What it means to actually invest in stocks is that you are investing in companies which you believe with be productive and profitable going forward. 

Again, stocks are only valuable because they represent the future cash flows and productivity of a company. Buying an individual stock makes sense if you believe a company will continue to produce goods and services for their consumers in way that allows for continued success. Selling a stock makes sense if you believe a company may not be able to be as profitable or productive in the future.

Price is what you pay, and value is what you get.

Finally, just remember: stocks will always go up and down. That’s the only guarantee in stocks 🙂

Hope this article was enjoyable and gave you some good information on stocks.

In the next post, I will be touching on some more fundamental knowledge we need to cover. Then to round out the series, I’m going to write about some controversial thoughts and opinions I’ve been battling with internally.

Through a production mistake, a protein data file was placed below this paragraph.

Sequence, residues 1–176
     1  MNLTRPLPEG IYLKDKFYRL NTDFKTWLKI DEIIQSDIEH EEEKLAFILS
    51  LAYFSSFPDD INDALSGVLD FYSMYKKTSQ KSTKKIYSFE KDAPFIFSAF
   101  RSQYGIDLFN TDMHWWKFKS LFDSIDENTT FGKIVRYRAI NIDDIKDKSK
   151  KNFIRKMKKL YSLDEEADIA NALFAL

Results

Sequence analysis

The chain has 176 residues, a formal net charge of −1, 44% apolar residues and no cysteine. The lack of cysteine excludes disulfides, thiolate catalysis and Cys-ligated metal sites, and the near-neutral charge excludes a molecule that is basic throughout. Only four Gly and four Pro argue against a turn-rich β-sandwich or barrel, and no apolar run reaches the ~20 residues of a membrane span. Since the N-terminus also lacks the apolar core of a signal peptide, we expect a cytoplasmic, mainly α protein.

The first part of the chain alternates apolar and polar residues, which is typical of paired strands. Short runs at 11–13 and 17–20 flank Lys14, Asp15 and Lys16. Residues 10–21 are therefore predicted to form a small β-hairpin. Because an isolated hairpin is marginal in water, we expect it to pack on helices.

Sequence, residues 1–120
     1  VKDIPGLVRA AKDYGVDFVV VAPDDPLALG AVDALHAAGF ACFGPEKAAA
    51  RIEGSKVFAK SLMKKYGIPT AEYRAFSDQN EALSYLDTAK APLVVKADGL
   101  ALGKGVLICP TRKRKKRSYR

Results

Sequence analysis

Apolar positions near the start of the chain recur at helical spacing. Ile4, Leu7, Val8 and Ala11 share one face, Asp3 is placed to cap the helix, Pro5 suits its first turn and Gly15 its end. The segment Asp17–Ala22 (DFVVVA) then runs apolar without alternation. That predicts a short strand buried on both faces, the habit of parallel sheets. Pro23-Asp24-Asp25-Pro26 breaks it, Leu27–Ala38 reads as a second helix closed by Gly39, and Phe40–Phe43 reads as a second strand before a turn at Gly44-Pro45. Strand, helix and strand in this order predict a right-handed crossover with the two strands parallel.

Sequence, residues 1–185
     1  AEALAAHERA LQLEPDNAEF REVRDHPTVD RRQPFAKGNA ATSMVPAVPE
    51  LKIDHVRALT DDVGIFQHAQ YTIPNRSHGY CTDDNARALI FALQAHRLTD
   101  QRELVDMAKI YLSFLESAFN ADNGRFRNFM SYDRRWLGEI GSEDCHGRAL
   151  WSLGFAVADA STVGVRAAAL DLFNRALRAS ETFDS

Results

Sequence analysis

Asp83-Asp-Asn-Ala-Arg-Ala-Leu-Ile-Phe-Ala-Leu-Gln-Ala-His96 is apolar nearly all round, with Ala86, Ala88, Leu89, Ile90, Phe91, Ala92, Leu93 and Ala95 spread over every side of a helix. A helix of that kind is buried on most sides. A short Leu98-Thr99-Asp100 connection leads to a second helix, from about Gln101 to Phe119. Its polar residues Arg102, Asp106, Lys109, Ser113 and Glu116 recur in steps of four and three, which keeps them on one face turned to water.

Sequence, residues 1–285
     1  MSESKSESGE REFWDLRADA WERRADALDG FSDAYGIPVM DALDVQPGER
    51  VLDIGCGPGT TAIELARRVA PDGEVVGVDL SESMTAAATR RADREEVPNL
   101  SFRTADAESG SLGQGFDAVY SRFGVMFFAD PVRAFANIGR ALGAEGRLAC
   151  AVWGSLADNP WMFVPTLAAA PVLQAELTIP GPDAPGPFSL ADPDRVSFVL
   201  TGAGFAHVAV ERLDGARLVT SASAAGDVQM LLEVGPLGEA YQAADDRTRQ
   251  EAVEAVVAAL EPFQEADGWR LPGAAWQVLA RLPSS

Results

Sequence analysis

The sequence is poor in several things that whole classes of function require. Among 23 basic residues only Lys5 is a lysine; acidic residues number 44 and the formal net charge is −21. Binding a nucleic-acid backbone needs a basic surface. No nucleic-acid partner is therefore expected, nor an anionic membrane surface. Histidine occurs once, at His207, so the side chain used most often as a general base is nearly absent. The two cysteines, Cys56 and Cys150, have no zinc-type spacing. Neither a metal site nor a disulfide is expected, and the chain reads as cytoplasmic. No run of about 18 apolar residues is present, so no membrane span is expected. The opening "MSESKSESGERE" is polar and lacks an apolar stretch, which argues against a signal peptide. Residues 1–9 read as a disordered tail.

Thank you for reading,


How to invest in the stock market. How to get wealthy. What is a stock. Investing tips. #stocks #money #investing

How to invest in the stock market. How to get wealthy. What is a stock. Investing tips. #stocks #money #investing

How to invest in the stock market. How to get wealthy. What is a stock. Investing tips. #stocks #money #investing

How to invest in the stock market. How to get wealthy. What is a stock. Investing tips. #stocks #money #investing

How to invest in the stock market. How to get wealthy. What is a stock. Investing tips. #stocks #money #investing

How to invest in the stock market. How to get wealthy. What is a stock. Investing tips. #stocks #money #investing



About the Author

Hi! I'm Erik, the creator of The Mastermind Within blog.

I'm passionate about helping you improve as a person, get better with your finances, and create your dream life over time.

Through setting goals, critical thinking and intentional living and action, I believe you can master your life, win with money, and get on the path to freedom.

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Comments 2

  1. Okay fine. I’ll take the bait and debate this one with you.

    It’s true that nothing with stocks (or life) is ever guaranteed….but, you can have certain expectations based on the nature of the asset type and historical performance.